“Whoever you are, you must be daft.” Her smile faded and Sara moved toward the door. Elias immediately moved to block her way.
“Let me out of here,” she demanded. “Where is your captain?”
“I am the captain. This is my ship. And you are my…guest.”
He reached out to touch her but she stepped back smartly. Elias sighed. Kidnapping Sara was completely impulsive; he’d never done anything like this before, though he usually took what he wanted, albeit with better planning and foresight. He was used to whores and he really didn’t know how to deal with someone like Sara. He chanted another spell under his breath but Sara stared at him, unmoved, lips clamped shut.
He could sense her heart beating wildly. Slowly she calmed down and said softly, “Captain, you may take me as you please, but know that you cannot take my smile. My smile can only be given.”
They both stood still, not moving until the backwash of a passing ship made the deck lurch under their feet. Elias kept his balance but Sara’s arms reflexively flew upwards while she began to fall backward. He instinctively reached out and grabbed her forearms; she grabbed his arms in return and righted herself.
“Thank you, Captain,” she said, favoring him with her brilliant smile.
That’s when Elias suddenly was struck by what felt like a blow. He realized her smile was akin to the rising sun sending shafts of light through dark clouds. It felt as though one of the rays had speared his chest—stabbing him in the heart. How strange, he thought. He wasn’t supposed to have a heart.
Arms clasped, they stood motionless, dark eyes locked with dark eyes. Sara’s shining smile faded. Elias longed to stroke her smooth skin and kiss her full breasts, but decided her smile was worth more to him than brief carnal knowledge. He would see her again. He could make sure of it with a few strands of her hair and by fashioning a candle in her image during a full moon. But what he really wanted was for Sara to smile at him and come to him of her own free will.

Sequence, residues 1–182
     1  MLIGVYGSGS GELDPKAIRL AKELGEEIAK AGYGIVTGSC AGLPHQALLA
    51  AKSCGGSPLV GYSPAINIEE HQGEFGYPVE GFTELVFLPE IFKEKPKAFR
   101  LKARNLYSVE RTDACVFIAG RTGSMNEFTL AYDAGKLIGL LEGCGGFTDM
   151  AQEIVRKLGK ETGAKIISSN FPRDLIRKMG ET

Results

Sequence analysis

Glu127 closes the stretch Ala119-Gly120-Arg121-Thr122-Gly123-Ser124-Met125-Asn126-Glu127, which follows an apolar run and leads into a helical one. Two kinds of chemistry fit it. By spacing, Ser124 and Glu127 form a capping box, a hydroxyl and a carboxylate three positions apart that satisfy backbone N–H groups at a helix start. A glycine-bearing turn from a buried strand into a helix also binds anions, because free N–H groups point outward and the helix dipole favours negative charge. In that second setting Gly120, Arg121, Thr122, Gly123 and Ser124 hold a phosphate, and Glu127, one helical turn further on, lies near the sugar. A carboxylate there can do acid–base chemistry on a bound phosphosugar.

For the first time in his life he said, “I’m sorry, I’ve made a mistake.”
He unlocked the door and pulled her down the gangplank so quickly that Sara had to hold onto him to avoid falling. When they set foot on the wooden wharf, he released her.
“Go home,” he ordered hoarsely.
Sara turned to leave, then hesitated. “I have no supper, thanks to you.”
Elias fished in his weskit pocket for a handful of coins, enough to buy a week of suppers, and held them out in his palm. “My apologies.”
“I wish you well, Captain,” she said solemnly, taking the coppers. Instead of leaving, Sara paused and then said kindly, as though she could feel his longing, “I hope you find what you are looking for.” Then she slowly walked away and did not look back.
Elias waited until Sara was lost in the crowd before returning to his ship. He had found what he was looking for: a woman who was everything he was not. A woman who could balance out his darkness with warmth and light. In the meantime, until they met again, this was another first for him--giving money to a woman without asking for anything in return. But it was worth every penny to know that he was still human.
About the Author:
Sharon Jarvis is a former book editor, literary agent, and small press publisher. She has had her own books published in the past (mostly non-fiction) but is now working on several fiction projects.